To add to the interest over the design, it uses 3D printing for all its primary components. First launch is expected this year, with commercial operations commencing in 2016.

Comment Re:Competing with government-sanctioned monopolies (Score 2) 185

I'm not sure why you're assuming that a competing utility has to have separate lines. Here in New Zealand the power companies are not allowed to own lines - those are a highly regulated monopoly (The national grid is owned by the government, local grids by local lines companies.) Generating companies sell power wholesale via a trading system, Retailing companies buy the wholesale power (priced at grid-exit points) and deal with the consumer and local lines company. You can be a Generator and a Retailer, but not own transmission as well.

Interestingly the same model is being taken with the national fibre rollout - the fibre owning company will wholesale services to various ISPs and comms providers but will not be allowed to be an ISP itself. This avoids some of the effects you see where several providers build out fibre in the most populous areas, but you end up with monopolies covering less-dense areas and no-one covers the rural areas.

Comment Interactivity? (Score 1) 164

I wonder how much advantage of the medium a PC version of a TV series will be able to take... I''ve been homeschooling my kids whilst we've been travelling so I've tried a number of these online reading tools. Some are just a mess of unindexed content, or just libraries to wonder in and pick out books to read or subject videos to watch. The best for my 5 yr old has been ReadingEggs which has heaps of interactive mini games joined together into an overall programme that the child can follow through themselves going right from pre-literate to reading age 7 or so.

Has anyone used the iPad app of this Reading Rainbow program? What's it like ? And how much teacher support is needed?

Comment Re:Descent + SpaceOrb 360 (Score 1) 251

If you knew how the old game controllers worked and what the driver had to do to read from them you would be glad they're gone. See my earlier post for some hideous detail.... You can buy adapters to USB which are likely to provide much better stability (and not need calibration constantly) and will work with windows 7, though I haven't tested with the Cyberman.

Comment Re:Hell Yes! (Score 3, Informative) 251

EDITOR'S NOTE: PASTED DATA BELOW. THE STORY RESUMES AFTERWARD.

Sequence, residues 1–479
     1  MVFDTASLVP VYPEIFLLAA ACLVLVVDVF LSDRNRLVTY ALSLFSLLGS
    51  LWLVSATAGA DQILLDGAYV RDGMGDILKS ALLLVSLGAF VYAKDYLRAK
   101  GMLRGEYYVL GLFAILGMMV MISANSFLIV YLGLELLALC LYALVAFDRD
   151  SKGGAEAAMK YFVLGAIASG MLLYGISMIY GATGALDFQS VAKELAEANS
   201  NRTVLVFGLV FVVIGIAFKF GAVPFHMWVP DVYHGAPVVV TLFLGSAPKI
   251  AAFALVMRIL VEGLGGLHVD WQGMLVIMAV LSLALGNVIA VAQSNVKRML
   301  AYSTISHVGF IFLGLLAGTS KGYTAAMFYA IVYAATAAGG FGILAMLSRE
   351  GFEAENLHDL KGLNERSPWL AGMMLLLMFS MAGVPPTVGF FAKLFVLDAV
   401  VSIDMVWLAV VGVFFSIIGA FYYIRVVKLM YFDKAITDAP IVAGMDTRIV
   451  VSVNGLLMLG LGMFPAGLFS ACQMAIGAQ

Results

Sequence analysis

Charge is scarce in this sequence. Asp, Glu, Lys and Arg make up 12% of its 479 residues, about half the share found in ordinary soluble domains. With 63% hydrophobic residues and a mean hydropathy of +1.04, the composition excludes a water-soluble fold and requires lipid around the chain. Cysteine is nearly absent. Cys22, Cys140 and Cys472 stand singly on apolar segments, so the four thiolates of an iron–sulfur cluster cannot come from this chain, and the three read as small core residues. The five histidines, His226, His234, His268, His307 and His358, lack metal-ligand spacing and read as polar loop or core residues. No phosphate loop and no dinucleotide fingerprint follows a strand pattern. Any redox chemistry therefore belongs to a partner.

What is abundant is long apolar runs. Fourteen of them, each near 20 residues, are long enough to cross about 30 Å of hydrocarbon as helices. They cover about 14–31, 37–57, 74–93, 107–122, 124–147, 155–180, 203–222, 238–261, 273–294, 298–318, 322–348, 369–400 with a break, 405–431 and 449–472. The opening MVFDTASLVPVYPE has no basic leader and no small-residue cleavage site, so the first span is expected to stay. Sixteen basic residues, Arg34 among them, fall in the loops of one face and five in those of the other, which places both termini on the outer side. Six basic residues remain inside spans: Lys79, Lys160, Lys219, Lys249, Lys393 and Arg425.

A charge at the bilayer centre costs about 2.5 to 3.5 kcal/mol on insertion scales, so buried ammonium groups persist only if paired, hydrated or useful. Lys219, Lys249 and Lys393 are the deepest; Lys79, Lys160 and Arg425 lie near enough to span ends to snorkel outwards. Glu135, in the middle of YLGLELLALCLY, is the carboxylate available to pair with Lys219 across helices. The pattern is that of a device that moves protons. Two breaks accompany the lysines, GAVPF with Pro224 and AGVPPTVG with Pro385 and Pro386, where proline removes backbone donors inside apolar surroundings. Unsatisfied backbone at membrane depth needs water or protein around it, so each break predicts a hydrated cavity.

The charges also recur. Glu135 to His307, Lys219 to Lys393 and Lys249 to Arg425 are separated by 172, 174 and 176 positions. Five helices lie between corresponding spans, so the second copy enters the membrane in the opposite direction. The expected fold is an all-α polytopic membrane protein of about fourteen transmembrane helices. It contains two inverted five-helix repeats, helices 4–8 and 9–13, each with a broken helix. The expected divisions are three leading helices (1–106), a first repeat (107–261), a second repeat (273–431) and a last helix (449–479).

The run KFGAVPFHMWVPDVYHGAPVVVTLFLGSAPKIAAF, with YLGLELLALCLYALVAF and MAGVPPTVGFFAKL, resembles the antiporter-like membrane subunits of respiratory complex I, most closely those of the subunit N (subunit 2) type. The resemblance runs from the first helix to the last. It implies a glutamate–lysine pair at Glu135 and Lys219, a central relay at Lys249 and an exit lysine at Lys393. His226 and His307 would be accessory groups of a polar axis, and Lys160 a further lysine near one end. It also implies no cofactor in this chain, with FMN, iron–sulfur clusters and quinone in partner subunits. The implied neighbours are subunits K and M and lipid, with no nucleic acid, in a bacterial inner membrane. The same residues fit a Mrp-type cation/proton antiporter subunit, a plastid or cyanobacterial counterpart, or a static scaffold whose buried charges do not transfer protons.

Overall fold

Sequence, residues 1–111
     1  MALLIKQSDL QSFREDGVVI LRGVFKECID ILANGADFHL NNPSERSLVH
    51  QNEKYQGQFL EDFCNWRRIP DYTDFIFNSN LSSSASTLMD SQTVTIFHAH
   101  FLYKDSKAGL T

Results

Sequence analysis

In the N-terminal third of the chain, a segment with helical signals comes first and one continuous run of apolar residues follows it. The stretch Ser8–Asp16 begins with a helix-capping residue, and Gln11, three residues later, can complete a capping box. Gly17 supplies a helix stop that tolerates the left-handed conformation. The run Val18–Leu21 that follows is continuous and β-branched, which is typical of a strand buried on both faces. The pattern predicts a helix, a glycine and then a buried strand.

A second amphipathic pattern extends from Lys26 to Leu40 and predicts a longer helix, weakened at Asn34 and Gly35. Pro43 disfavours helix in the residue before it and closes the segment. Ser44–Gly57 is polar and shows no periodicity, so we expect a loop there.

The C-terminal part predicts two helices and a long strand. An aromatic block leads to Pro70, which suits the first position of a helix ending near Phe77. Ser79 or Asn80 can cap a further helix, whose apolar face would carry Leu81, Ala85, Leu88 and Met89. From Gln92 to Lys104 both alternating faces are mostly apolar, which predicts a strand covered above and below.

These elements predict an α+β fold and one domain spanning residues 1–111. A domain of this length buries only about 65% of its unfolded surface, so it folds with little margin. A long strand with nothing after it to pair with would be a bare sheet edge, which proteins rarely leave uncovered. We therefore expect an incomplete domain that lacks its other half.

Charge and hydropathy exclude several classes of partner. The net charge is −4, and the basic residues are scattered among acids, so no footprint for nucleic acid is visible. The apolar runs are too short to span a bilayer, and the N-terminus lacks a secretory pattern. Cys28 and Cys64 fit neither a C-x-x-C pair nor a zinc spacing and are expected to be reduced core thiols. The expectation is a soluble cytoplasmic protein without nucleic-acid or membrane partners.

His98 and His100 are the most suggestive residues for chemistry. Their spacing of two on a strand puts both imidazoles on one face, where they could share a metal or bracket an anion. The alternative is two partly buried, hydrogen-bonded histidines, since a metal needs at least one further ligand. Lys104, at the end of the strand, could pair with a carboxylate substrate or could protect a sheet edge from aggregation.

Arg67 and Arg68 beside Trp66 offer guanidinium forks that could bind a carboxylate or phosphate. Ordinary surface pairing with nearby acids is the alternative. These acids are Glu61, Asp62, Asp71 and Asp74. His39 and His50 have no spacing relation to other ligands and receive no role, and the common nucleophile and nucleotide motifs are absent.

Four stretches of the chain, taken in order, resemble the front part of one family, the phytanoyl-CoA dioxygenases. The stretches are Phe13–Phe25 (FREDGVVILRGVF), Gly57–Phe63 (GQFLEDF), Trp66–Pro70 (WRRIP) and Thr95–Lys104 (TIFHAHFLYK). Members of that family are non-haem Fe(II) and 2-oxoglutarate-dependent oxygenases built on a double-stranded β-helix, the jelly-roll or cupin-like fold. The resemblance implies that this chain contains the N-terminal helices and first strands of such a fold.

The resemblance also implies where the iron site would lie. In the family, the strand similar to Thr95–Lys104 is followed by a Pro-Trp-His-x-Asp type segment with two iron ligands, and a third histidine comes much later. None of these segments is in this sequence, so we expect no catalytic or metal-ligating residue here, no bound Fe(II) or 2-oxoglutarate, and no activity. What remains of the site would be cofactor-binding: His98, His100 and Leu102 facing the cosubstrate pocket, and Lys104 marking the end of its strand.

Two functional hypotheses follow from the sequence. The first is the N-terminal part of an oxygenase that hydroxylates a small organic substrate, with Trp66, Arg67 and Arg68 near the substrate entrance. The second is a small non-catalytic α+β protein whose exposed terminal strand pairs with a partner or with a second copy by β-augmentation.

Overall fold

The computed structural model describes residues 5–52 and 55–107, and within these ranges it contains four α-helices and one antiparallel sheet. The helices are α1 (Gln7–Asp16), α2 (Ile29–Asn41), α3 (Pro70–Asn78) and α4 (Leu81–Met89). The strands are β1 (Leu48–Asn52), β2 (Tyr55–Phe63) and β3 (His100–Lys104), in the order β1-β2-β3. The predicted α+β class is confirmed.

Drifting off topic, but if we're talking the gaming ports, they weren't serial. They were much, much worse. The joystick potentiometers were connected across pairs of pins in the connector, but then, instead of just making them an input to a DAC or something simple they were basically hooked up as the variable resistance on a 555 microtimer so that the position could be read by triggering the timer and counting how long it took to drop back to it's base state. I know DACs were expensive at the time it was designed, but this choice led to some programs having to busy wait to measure, endless issues with different processor speeds needing to be compensated for, and the requirement to regularly "calibrate" the joystick in each game. I suspect the chances of that precision timing working well on a multi core, variable speed CPU with a real (preemptive) OS and possibly a VM in the mix too, is small.

A USB device that works as a DAC and pretends to be a modern joystick interface would probably improve the controller no end.

And yes, I bought a joystick just to play Descent too. But a simpler one than the GP.

Comment Re:But who uses Yahoo! mail? (Score 3, Informative) 83

Their best proposed solution is to ban Yahoo email users from mailing lists and encourage them to switch to other ISPs

What the #%^+? Since when is Yahoo an ISP?

Several ISPs outsource their customer email service to Yahoo. If you're with one of those, and especially if you use your ISP provided email address, then moving would fix it (or just move to gmail/outlook.com/whatever, you're mail is in the cloud now anyway, since your ISP moved it there)